Amazon’s $3.9 billion acquisition of primary care company One Medical was finalized last week without a regulatory challenge. Consumer protection groups say the deal shouldn’t have been allowed to close, citing a number of concerns — some of which are shared by the Federal Trade Commission.
The agency, which reportedly had prepared a lawsuit to block the deal, could still sue to unwind the transaction farther down the road. Still, antitrust and M&A experts said that if regulators had found a reason to block the deal, they already would have.
“The government needs to be careful on where it’s meaningful to stir up anti-competitiveness and where it’s not. The head-fake on concerns here really raised a lot of eyebrows,” said Nathan Ray, healthcare M&A lead at consulting firm West Monroe.
Amazon’s strategy and data concerns
Amazon has made some bold investments in healthcare, but acquiring One Medical represents a new facet of the e-commerce giant’s healthcare strategy with the operation of physical medical clinics. The transaction brings more than 220 medical offices in 27 U.S. markets, a subscription telehealth service, an electronic health record and contracts with 9,000 employers under Amazon’s umbrella.
It’s a ripe time to disrupt the primary care market, according to analysts. An aging population, the growing prevalence of chronic conditions, rising healthcare costs and difficult care access are increasing demand for convenient, cost-effective access to healthcare close to the home.
That’s fueling a frenzy of deals in the space from acquirers ranging from CVS Health to Walmart to Best Buy, experts said.
“There’s a tremendous opportunity to make a profit,” said Natalie Schibell, a healthcare research director at market insights firm Forrester.
Analysts expect One Medical to continue operating independently within Amazon in the near term, as Amazon works to shore up back-end operations and connect the primary care company to its larger ecosystem of pharmacy and retail capabilities.
Amazon could take steps like connecting One Medical membership to Prime, its paid subscription service used by an estimated 168 million Americans, although it’s unlikely it will completely reinvent the provider’s business model, Ray said.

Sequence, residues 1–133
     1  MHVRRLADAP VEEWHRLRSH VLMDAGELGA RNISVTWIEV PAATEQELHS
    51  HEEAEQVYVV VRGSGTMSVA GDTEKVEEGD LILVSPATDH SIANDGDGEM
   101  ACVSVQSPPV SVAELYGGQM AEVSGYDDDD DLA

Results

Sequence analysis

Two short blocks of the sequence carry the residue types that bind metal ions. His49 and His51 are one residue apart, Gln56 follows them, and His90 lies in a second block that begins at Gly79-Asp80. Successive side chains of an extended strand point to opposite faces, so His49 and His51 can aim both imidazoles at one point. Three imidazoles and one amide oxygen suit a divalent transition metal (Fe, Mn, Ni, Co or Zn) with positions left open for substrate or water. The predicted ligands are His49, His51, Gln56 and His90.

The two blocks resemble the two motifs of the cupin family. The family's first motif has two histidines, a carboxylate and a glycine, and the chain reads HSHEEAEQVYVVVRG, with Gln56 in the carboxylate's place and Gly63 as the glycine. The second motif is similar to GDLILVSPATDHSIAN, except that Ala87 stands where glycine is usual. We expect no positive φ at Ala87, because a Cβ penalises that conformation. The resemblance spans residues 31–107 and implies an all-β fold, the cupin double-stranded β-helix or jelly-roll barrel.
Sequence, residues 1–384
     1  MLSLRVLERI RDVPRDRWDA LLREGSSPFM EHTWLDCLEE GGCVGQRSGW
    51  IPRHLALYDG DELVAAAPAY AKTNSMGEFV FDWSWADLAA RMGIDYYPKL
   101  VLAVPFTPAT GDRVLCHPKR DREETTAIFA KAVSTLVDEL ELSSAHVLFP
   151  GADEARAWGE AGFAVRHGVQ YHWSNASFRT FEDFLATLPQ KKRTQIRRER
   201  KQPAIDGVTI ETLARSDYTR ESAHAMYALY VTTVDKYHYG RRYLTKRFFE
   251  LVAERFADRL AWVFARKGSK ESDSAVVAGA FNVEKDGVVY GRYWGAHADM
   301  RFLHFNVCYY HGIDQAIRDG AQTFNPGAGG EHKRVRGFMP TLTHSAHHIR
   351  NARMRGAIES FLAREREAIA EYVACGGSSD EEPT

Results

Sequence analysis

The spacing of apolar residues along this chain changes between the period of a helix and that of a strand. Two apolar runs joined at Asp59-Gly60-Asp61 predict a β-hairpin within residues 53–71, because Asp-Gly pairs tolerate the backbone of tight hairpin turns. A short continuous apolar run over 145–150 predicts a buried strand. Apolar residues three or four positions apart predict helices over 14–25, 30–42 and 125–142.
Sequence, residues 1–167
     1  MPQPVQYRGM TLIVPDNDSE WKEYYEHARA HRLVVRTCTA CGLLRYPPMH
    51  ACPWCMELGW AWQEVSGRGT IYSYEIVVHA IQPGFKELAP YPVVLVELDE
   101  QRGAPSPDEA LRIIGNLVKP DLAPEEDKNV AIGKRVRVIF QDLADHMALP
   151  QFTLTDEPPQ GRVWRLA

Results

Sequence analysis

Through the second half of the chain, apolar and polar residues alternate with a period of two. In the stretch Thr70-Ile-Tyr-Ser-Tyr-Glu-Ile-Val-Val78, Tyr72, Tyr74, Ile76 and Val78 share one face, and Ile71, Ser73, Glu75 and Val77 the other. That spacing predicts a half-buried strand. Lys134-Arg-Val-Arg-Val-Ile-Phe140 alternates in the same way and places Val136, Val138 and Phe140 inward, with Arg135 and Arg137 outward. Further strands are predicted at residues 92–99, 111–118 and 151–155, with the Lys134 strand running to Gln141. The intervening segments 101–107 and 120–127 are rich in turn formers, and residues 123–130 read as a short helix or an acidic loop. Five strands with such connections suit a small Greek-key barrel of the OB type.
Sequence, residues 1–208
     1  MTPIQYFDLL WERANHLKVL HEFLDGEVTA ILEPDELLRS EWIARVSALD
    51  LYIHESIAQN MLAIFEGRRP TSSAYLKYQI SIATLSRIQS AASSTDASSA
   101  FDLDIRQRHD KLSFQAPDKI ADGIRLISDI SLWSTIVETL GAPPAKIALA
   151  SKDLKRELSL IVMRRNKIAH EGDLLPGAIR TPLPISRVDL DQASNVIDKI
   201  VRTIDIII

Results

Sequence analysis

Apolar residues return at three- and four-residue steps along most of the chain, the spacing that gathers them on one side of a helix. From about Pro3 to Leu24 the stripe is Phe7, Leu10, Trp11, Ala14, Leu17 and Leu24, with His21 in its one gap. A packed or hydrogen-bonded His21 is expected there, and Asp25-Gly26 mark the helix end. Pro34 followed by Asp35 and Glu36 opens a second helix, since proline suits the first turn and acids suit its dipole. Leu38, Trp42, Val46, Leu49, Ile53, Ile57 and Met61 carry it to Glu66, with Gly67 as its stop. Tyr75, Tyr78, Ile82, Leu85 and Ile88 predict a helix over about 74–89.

To be sure, consumer advocates have expressed concerns about the tie-up.
Consumer protection group Public Citizen urged regulators to block the deal after it was announced last summer, saying it had “grave concerns” about Amazon acquiring One Medical in a letter to regulatory groups.
Public Citizen said Amazon could leverage its dominant role in the online retail market to gain an unfair advantage in healthcare. By bundling One Medical and Prime membership, Amazon could create new revenue streams distinct from the provision of healthcare, such as targeting product advertising related to medical conditions, the letter says.
“What connects most or all of our concerns is the idea that Amazon can leverage its massive retail market power into the healthcare sector for nefarious purposes,” Rob Weissman, the president of Public Citizen, said in an interview. “It’s a very, very problematic merger, but the kinds of concerns it raises don’t line up perfectly with antitrust law.”
Another big concern revolves around Amazon acquiring, and potentially misusing, One Medical’s patient data.
Amazon already gathers a vast amount of consumer data through its online marketplace, Prime video and music platforms, Alexa voice assistant, Ring doorbells, fitness trackers and more. The company uses that data, including inferred health status, to direct individualized advertising and content suggestions.
“It’s a very, very problematic merger, but the kinds of concerns it raises don’t line up perfectly with antitrust law.”
President of Public Citizen
Acquiring One Medical’s actual health records from its 836,000 members could make those inferences a lot easier. That data is of “extraordinary value to a marketing company such as Amazon,” Public Citizen said.
Amazon has said it will comply with the Health Insurance Portability and Accountability Act, which governs what healthcare companies can do with protected health information. That means Amazon can’t share One Medical customers’ personal health data outside of One Medical for advertising or marketing purposes without their clear consent.
Still, Amazon could find workarounds like securing privacy waivers from One Medical consumers by offering a Prime discount, Weissman said.
”Every corporation is supposed to follow the law. That’s not the issue. You don’t get points for saying you’re going to follow the law,” Weissman said. “HIPAA protections are really hardcore, but there are a lot of ways to work around it. As a consumer, you should take zero comfort in that promise.”